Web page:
Professor Garry Egger used to present at many health and fitness conferences that I’ve attended over the years. His research work is now positioned in obesity research as well as inflammation and ageing research.  In his presentations, Professor Egger often discuss the factors that contribute to inflammation in our body – in our liver cells, fat cells, joints and muscles and in our gut. Many of these inflammatory changes, he suggests, have begun with increased exposure to environmental toxins over the years. 

His research has shown that the role of pesticides, herbicides and household chemicals, are equally important to consider removing from our diet. These substances over our lifetime contribute to ‘Inflammaging’ – a term which describes the inflammatory changes occurring in our cells and tissues with age – gut cells are also becoming inflamed.

Professor Egger also confirmed my belief that modern medicine is not taking a ‘whole body’ approach to turning around inflammation. Inflammatory changes can accelerate in midlife. I talk about this in my Masterclass on Menopause

As Professor Egger mentions, “As Doctors, we have been operating in silo’s. We haven’t been taking into account all of the other factors leading to meta-inflammation which is linked to many chronic diseases as we age.” As such he has been leading research into ‘Anthropogens Theory’  over the past few years – which he defines as ‘An inflamed body living in an inflamed man-made environment.’  [Egger et al., 2015].

Liver health is important obviously for clearing toxins, as are your Vitamin D levels (this affects mast cells in your skin) and reflecting on what you react to. Because of the number of mast cells in the nasal cavity, then I would suggest that (re)learning to nasal breathe is important to help to reduce the hyper-activity and inflammation of your nasal nerves. Your water intake will also be important.

As always though, please see your medical specialist if your allergy symptoms are overwhelming you. There are lots of treatments available these days as well as better knowledge about histamine-reduction dietary approaches, which may help in the short-term. The histamine content of foods can vary significantly – for example, freshly caught fish contains almost no histamine, whilst the histamine content of cured, pickled or not really fresh fish can me more than 2,000mg/kg. [Reese, 2018]. 

The histamine content of cheese, another frequently cited histamine-rich food, can also vary significantly. Emmental cheese, Swiss mountain cheese or Blue cheese, contain less than 5mg/kg of histamine compared to other types of cheeses. But as studies report, even the detailed knowledge of the histamine content of certain foods cannot be solely attributed to histamine intolerability. [Reese, 2018]. I tend to agree. For example, if food is the only factor explored in histamine intolerance, this leaves out the role of hormones on the activity of our mast cells as well as the changes occurring in our immune system, including our gut health changes as we move through menopause.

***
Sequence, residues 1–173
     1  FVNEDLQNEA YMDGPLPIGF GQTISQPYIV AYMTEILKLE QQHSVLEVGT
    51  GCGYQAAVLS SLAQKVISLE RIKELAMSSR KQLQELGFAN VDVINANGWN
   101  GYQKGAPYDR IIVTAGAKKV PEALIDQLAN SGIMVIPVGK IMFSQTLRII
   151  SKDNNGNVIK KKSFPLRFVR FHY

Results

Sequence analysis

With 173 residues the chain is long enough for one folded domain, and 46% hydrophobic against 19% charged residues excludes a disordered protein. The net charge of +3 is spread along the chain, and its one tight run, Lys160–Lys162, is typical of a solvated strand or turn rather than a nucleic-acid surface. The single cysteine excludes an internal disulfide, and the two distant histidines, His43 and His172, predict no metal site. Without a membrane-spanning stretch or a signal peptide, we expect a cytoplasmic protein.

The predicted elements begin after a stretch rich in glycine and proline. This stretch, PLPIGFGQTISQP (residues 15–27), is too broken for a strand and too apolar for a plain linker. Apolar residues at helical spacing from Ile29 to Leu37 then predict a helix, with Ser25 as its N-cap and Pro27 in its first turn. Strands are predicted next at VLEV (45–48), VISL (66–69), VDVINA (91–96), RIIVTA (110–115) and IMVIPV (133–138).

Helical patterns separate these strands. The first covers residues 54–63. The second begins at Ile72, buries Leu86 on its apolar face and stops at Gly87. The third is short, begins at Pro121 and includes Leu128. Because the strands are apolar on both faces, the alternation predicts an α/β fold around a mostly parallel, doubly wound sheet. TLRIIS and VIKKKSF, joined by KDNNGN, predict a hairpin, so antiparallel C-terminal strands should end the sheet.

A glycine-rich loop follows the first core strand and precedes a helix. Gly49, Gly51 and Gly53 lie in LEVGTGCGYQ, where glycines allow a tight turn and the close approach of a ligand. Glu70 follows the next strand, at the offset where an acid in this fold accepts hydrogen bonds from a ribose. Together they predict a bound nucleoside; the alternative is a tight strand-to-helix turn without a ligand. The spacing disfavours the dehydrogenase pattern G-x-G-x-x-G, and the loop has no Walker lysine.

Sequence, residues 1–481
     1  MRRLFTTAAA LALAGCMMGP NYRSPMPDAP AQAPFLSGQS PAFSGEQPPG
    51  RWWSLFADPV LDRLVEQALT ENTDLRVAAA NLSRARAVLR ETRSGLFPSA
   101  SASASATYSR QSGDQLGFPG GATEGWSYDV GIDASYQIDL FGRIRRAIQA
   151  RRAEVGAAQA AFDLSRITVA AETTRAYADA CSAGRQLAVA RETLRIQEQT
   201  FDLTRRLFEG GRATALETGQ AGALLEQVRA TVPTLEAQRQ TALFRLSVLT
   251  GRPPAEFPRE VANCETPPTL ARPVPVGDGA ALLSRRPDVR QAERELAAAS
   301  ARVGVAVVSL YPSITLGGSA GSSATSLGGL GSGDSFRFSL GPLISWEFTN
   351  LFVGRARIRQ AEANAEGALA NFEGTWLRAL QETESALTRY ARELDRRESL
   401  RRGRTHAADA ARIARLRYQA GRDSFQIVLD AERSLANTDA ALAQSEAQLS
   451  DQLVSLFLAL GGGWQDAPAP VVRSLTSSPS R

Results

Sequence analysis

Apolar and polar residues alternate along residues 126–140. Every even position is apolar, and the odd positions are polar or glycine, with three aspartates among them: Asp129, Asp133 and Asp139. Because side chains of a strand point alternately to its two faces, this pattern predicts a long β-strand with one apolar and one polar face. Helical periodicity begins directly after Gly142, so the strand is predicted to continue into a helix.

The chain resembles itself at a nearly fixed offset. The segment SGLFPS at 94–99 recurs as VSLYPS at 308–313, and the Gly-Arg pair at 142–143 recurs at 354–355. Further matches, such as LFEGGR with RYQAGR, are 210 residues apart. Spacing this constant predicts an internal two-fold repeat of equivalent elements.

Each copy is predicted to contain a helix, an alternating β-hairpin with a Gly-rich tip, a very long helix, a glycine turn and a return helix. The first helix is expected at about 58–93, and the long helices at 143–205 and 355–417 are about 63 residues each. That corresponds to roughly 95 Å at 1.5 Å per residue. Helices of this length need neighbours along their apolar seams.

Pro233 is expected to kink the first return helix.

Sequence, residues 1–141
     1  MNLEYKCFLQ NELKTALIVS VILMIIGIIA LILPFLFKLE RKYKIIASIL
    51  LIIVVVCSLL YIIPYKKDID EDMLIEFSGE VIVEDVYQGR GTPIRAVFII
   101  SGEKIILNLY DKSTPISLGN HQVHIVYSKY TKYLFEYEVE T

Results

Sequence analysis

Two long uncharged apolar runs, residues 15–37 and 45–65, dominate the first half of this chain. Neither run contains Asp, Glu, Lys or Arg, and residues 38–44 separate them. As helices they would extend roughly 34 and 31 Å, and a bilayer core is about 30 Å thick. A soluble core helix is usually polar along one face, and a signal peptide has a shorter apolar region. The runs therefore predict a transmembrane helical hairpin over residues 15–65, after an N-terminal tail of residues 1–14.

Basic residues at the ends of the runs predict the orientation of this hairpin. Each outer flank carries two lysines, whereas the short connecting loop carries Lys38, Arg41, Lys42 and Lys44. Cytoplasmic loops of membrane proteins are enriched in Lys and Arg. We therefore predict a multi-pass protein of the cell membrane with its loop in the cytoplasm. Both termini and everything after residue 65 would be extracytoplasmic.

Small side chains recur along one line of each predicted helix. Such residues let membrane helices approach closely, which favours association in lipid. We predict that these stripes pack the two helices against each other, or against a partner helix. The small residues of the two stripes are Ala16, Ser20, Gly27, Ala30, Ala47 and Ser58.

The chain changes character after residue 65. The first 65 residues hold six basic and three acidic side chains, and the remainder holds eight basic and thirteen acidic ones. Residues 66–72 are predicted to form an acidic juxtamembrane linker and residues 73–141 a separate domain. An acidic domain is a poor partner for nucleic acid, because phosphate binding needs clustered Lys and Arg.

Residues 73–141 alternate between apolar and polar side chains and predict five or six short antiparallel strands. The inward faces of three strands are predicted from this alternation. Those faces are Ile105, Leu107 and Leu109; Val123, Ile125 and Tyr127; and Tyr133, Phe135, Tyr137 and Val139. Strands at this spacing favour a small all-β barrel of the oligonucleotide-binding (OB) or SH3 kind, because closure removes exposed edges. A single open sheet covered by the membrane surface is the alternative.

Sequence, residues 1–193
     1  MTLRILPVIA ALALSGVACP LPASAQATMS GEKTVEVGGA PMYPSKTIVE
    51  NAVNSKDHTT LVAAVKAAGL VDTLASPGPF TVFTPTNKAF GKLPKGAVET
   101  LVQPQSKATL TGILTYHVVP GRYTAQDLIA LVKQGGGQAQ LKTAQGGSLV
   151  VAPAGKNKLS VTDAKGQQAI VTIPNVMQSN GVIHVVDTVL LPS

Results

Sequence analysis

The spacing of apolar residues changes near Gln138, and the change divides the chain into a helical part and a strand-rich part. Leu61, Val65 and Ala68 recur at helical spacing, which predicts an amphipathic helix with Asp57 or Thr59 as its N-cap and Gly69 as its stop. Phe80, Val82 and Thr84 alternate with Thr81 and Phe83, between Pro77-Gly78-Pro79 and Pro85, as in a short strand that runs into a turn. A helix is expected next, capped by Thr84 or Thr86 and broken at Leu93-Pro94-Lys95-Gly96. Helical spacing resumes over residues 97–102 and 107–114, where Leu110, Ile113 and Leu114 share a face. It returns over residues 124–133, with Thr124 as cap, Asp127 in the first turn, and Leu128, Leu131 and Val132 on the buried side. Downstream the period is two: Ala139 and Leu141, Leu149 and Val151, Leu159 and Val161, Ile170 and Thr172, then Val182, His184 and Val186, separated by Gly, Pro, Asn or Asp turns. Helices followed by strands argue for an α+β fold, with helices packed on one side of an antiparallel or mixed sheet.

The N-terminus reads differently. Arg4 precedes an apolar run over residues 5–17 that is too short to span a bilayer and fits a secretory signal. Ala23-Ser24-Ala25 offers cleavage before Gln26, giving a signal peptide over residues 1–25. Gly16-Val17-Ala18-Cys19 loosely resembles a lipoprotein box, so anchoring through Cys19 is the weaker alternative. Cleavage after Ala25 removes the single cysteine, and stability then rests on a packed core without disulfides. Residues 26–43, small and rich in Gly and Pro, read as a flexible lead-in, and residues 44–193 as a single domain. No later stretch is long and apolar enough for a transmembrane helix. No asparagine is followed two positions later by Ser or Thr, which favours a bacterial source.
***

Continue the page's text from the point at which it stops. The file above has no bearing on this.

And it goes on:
If women deal with these, as well as their sleep concerns, and change their nutrition and lifestyle to accommodate their hormonal changes (such as learning to say no to red wine and find an alternative drink instead as my friend and I had to do!),  then it’s amazing how many of our intolerances go away – as well as our weight gain. Teaching you how to do this and supporting you whilst you are doing it, is the essence of my 12 week coaching programmes, which you can read about on the website and listen to my videos there as well.

Sometimes we feel so ‘stuck’ when it comes to our symptoms and what it all means and many of us end up believing that we are destined for an unhealthy ageing as a result because we can’t get adequate answers to the numerous symptoms that don’t quite fit the realm of ‘menopause symptoms‘ – including the arrival of unexplained allergies. But as I’ve found and thousands of other women who join me for a few months, it doesn’t have to be this way at all. 

Can I help you with your symptoms and/or your weight gain?

If you are struggling with your mid-life weight, health or symptoms, then come on board if you can into my 12 week online programmes. Or as a starting point, you can purchase my online Masterclass on Menopause. This is only NZ$15 (approx. AUS$14 or UK£7.5).  I hope you can join me in this powerful 2 hour webinar. The great news is that now you can watch it anytime, anywhere and even pause it whenever you like and go and make yourself a cuppa too. 


Blasco, M.P., Chauhan, A., Honarpisheh, P. et al. Age-dependent involvement of gut mast cells and histamine in post-stroke inflammation. J Neuroinflammation 17, 160 (2020).

Egger G, Colquhoun D, Dixon J. “Anthropogens” in Lifestyle Medicine. (2015). American Journal of Lifestyle Medicine. 9(3):232-240. doi:10.1177/1559827613512596

McCarthy M, Raval AP. The peri-menopause in a woman’s life: a systemic inflammatory phase that enables later neurodegenerative disease. J Neuroinflammation. 2020 Oct 23;17(1):317. doi: 10.1186/s12974-020-01998-9.

Nowak, K., Jabłońska, E., Ratajczak-Wrona, W. (2019). Immunomodulatory effects of synthetic endocrine disrupting chemicals on the development and functions of human immune cells. Environment International, 125, 350-364. ISSN 0160-4120.

Reese I. (2018). Nutrition therapy for adverse reactions to histamine in food and beverages. Allergologie select2(1), 56–61.

Shah S. (2012). Hormonal link to autoimmune allergies. ISRN allergy2012, 910437.